Insurers offer healthcare coverage for a wide variety of medical needs, but what about hearing loss?
Currently, about 20 states require health insurance companies to cover full or partial hearing aid coverage for children—but not for adults. In other states individuals with private insurance may be covered for a hearing exam, but not for hearing aids—except for New Hampshire, Rhode Island and Arkansas.
If you have an insurance benefit in these three states, they require insurers to provide coverage for adults. New Hampshire insurance companies are required to cover the cost of no less than $1,500 per hearing aid, once every five years. Rhode Island requires individual and group insurance policies to provide $700 per individual hearing aid, every three years for those over the age of 19. Insurance companies in Arkansas are required to offer coverage to employers in the state, and if a company takes advantage of this, the plan must cover no less than $1,400 per ear, every three years.
The reason most insurance companies say they don’t offer coverage is because according to them, hearing aids are not an essential medical device—they are considered “elective.”
But, the more than 50 percent of people, over the age of 75 with hearing loss may disagree.
Hearing aids not only make it possible for users to communicate and comprehend speech, but to also maintain a steady income, feel confident and engaged, stay connected (untreated hearing loss has been associated with depression), ward off the cognitive decline and memory problems associated with untreated hearing loss and much more.
So is that the real reason insurance companies won’t cover hearing aids?
Maybe not. Insurance companies work by taking the cost of “an uncommon, but insurable risk,” and spreading it over a large group of people. This is to help ensure members pay a reasonable amount and the insurance companies still make money.
Hearing loss, on the other hand, is a likely risk—individuals with hearing loss will eventually make a claim. A large number of claims—some 37 million people suffer from hearing loss, according to the Centers for Disease Control and Prevention—along with the cost of hearing aids ($1,000 and up per hearing aid), and replacements every five years or so, may mean that insurance companies won’t make a profit. If insurance companies do eventually provide coverage for hearing devices, they will have a say about the pricing of hearing devices and services delivered.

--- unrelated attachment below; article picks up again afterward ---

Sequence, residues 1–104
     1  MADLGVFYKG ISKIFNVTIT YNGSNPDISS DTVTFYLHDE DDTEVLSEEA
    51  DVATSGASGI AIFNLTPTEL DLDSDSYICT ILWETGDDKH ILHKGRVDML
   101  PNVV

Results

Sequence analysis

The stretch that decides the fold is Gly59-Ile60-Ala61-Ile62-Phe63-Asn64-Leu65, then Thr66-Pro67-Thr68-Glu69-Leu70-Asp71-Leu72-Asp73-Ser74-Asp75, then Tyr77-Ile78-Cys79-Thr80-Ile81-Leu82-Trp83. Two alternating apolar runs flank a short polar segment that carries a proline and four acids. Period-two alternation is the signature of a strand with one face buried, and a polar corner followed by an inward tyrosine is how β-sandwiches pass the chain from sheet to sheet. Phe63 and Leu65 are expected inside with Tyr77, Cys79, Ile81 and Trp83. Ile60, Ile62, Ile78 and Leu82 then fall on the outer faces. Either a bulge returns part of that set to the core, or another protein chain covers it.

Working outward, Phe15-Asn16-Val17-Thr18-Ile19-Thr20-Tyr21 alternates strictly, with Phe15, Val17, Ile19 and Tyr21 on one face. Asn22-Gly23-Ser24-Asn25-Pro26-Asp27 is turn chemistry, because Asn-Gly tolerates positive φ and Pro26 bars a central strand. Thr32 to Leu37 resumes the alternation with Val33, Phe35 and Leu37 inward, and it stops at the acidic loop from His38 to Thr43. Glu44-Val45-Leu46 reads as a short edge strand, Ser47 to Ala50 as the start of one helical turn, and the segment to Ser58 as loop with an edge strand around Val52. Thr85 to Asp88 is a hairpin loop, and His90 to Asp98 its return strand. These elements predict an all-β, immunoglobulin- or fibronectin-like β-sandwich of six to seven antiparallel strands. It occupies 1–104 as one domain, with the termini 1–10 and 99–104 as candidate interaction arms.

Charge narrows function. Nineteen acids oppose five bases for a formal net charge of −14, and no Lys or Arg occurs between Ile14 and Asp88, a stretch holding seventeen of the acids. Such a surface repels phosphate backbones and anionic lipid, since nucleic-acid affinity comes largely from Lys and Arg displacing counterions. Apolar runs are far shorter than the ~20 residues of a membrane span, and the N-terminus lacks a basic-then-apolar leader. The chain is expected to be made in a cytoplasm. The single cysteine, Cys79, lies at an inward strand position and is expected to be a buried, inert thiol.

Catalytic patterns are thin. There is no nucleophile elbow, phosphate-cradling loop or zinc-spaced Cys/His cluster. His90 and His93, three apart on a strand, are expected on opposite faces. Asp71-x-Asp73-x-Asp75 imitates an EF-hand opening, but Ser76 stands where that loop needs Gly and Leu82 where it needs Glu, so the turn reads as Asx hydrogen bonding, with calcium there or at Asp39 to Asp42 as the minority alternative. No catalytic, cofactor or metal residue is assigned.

So what about Medicaid and Medicare?
Medicaid often covers hearing aids, depending on each state’s requirements. The Hearing Loss Association of America’s website has more information on state coverage http://www.hearingloss.org/content/medicaid-regulations.
Medicare, however, only covers services, not devices—and most insurance companies follow suit.
Obamacare & the Affordable Care Act (ACA) also doesn’t consider hearing aids to be essential medical devices. Through this benchmark plan, there are only a few states with minimal coverage for hearing aids and related services. You can find more information by state from the Department of Health and Human Services and the Hearing Loss Association of America.
To improve access and affordability of hearing aids, the National Academies of Sciences, Engineering and Medicine issued a report with a series of recommendations for how consumers receive and pay for hearing health care in the United States.
The committee listed 12 recommendations, including the following points:
- Create a new category of “basic” hearing aids—like personal amplification devices (PSAPS)— that would be sold over the counter with no requirement to see a hearing care specialist.
- Promote hearing screenings at doctor visits. Based on a MarkeTrak VIII survey on hearing impairment in the US, physicians are the top influencing factor whether someone gets hearing aids. But, statistics show that only about 15% of doctors, ask about their patient’s hearing during their annual physical exam.
- Improve the compatibility of hearing aids with other hearing assistive devices and technologies, as well as having the ability to program device settings on any hearing aid from any manufacturer.
Whether your insurance covers hearing aids or you need to pay out of pocket, don’t delay. The best way to find the right hearing aid for you is to book a hearing exam and demo a pair of hearing aids.